Ma, slow down, take it easy. He stood and put his arms around her.

She pushed away. It’s my fault.

Come on, Ma... Frank dropped his arms and watched helplessly as she paced the room. He waited, knowing full well she wouldn’t calm down until she was ready. How ‘bout I make us some tea?

Tea?

Yeah. They always do that in British movies, right? He tried a smile. I can handle making tea.

Lizzie pulled a tissue from her pocket and blew her nose then collapsed on the couch. First tell me. How was she killed?

Ma, that’s not important—

You let me decide what’s important. Now tell me, Frank, please, how was she killed?

She was shot.

Where?

In her bedroom.

Not where in the house. Where was she shot?

Ma?

In the head?

In the heart. I doubt she felt a thing.

Oh, good God have mercy.

I’m sorry, Mom. He realized he hadn’t called her Mom since he was a kid. He sat with her on the couch again. I know she was a good friend.

The best. She turned to him. You know we were friends for a long time. Went to school together. She always helped me out in math. I was never very good at fractions, but Sophie Hunt, well, she was a genius at numbers. Her eyes leaked tears. And I know you’re going to catch the son-of-a-bitch who did this.

He shrugged. I’ll need your help.

Me? What can I do?

Start with Hunt. That was her maiden name, right?

So? She sniffled.

Why didn’t she change her name to O’Connor when she married Aidan?

She was ahead of her time. A staunch feminist. She was born a Hunt and wanted to keep that name.

And her daughters?

"They go by O’Connor. There was just so much feminist Aidan could stand."

Frank nodded. How long has he been gone?

Lizzie bit her bottom lip. Years. Now they’re together again.

They looked at each other, the sudden silence between them like a wispy fog. Frank thought about life after death, Aidan and Sophie together again for eternity. What if they hated each other? Would that be hell?

Ma, you don’t know they’re together, for sure.

Maybe not, Lizzie blurted out. But I do know you need to act fast before the case goes cold.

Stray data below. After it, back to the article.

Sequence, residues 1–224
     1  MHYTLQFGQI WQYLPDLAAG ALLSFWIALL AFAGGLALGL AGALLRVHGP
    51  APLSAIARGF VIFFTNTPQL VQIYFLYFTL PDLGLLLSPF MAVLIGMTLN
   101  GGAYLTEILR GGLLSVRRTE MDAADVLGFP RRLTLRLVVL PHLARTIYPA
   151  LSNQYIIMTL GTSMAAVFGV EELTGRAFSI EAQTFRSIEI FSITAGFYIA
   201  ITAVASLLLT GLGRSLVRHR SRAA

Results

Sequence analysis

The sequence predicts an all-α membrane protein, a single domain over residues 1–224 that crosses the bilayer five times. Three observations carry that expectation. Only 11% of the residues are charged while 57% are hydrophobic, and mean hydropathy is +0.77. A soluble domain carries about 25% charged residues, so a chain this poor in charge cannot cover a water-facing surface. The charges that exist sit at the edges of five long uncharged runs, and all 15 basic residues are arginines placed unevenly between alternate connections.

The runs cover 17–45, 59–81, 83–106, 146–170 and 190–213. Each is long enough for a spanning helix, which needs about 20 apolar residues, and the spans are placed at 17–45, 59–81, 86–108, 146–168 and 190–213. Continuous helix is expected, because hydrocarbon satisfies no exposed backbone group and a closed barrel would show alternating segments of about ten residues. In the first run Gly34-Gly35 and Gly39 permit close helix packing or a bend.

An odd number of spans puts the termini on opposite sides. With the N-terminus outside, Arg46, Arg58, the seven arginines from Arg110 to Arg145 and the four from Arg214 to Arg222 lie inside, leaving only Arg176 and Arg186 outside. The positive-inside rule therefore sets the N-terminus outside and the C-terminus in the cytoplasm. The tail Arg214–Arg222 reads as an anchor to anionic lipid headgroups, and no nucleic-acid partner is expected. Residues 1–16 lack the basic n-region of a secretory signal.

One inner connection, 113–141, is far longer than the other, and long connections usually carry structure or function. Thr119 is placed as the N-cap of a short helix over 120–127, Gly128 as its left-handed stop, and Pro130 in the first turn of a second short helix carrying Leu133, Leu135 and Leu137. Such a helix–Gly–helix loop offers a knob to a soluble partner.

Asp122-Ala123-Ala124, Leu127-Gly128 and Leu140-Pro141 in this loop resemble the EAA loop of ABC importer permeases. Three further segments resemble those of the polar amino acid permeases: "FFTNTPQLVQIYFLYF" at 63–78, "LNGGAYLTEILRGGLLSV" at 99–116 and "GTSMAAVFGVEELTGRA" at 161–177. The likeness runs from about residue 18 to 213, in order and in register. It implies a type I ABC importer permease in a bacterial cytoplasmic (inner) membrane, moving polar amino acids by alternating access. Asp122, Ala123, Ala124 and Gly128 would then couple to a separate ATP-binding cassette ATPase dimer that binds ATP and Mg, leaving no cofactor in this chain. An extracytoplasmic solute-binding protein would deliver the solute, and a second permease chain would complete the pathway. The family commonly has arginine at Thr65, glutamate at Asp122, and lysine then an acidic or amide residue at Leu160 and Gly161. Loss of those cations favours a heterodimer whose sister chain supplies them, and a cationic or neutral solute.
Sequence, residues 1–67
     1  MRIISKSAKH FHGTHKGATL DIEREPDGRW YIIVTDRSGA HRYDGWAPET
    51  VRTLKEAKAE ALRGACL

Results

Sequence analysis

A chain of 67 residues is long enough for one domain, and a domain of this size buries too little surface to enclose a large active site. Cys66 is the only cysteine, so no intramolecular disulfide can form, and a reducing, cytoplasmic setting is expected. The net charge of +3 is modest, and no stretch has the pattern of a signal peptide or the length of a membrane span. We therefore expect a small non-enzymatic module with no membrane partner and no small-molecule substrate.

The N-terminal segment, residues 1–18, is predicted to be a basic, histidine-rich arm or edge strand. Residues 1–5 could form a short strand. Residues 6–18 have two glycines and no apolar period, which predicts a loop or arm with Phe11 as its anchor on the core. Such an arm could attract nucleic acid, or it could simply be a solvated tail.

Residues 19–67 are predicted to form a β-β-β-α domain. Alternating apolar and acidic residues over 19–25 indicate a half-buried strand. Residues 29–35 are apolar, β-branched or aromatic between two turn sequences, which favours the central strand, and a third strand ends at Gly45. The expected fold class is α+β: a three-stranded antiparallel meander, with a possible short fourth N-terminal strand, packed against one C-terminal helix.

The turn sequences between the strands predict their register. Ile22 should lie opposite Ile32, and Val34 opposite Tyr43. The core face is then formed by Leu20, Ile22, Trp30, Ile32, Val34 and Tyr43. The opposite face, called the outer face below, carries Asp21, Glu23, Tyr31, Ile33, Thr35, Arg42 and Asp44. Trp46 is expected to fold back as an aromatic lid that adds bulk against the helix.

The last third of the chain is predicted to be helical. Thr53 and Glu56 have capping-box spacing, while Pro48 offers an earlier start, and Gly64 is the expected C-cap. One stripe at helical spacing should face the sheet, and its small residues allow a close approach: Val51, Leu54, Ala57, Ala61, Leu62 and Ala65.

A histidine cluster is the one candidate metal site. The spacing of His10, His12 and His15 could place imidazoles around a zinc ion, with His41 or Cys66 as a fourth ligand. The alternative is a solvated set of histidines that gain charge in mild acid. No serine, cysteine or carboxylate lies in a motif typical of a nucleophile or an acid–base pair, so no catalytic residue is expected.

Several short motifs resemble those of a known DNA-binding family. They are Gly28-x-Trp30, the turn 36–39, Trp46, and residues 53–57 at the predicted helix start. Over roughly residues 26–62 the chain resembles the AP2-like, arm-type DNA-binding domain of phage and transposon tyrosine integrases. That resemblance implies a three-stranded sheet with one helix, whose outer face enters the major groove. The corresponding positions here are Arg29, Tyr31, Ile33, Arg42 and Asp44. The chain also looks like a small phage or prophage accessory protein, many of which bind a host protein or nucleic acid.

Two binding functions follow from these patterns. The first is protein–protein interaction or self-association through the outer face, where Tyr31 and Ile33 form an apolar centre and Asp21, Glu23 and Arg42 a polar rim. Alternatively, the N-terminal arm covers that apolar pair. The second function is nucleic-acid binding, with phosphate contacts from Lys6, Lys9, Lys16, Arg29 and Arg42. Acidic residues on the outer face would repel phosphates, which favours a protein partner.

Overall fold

You watch too much TV.

Hey, I was a cop’s wife, a cop’s daughter-in-law, and I’m a cop’s mother, what do you expect?

He took her hand. There’s something I need you to do.

She looked at him like he’d grown a second nose.

Her apartment was ransacked. The killer was looking for something.

Lizzie brought a hand to her mouth. Oh God.

Do you know what it was?

Sophie trusted me not to say anything to anybody.

Say what?

But I can tell you, Frank. I’m sure she won’t mind... now... Lizzie dabbed her eyes with the tissue. Now that she’s gone. But I should have told you sooner.

What do you know about her murder?

I know what Sophie’s killer was looking for.

Chapter 2

Before Frank could breathe, Lizzie began to explain. For the last couple months, Sophie didn’t seem herself. She was nervous, would jump at the slightest noise, didn’t want to go anywhere...like out to coffee or Katz’s like we used to. She looked at Frank and his I’m-listening stare. She aged, too. I mean she was seventy-five, but always looked younger. Had gobs of energy. Recently, though, she seemed worn out.

Frank waited for her to wipe tears from her cheeks.

I kept asking her, what’s wrong, Soph, but she just shrugged and said she hadn’t been sleeping good. That in itself was a red flag, you know? She was lucky that way, always slept like a rock.

Frank leaned back on the sofa, wishing he had another Venti coffee.

One day, about three weeks ago, she got a visit from her cousin’s wife, Madelyn. Madelyn Hunt. Nice woman. I met her a few times. A little younger than us, maybe mid-sixties?

Okay.

"Madelyn brought an old suitcase with her, gave it to Sophie. Said it contained Ruby Hunt’s belongings, Sophie’s great-aunt. The suitcase had been stored in their attic and forgotten. On a cleaning binge, Madelyn decided to go through it and realized it was something